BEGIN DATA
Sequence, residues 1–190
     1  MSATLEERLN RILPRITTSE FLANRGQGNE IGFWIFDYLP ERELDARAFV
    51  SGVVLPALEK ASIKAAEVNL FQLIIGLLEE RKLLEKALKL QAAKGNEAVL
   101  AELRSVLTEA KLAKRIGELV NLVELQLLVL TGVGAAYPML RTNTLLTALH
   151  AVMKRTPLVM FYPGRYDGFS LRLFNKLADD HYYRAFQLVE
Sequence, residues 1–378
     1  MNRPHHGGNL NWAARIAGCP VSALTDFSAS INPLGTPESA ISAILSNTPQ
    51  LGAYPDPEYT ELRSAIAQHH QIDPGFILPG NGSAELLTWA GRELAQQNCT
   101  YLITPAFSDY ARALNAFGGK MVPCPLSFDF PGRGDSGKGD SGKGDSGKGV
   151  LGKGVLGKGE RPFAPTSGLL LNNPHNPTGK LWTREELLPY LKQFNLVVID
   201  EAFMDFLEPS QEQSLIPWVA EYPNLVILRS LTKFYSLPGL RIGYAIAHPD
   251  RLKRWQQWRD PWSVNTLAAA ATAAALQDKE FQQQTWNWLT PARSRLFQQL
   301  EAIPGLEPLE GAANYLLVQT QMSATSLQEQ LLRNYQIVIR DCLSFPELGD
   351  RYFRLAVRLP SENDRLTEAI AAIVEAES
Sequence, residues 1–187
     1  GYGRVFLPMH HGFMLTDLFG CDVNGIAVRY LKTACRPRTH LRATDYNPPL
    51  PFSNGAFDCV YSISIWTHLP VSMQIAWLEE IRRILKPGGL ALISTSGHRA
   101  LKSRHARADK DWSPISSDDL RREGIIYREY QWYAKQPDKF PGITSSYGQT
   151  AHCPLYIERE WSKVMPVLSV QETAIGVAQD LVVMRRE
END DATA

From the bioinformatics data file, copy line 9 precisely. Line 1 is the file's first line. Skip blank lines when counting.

   101  YLITPAFSDY ARALNAFGGK MVPCPLSFDF PGRGDSGKGD SGKGDSGKGV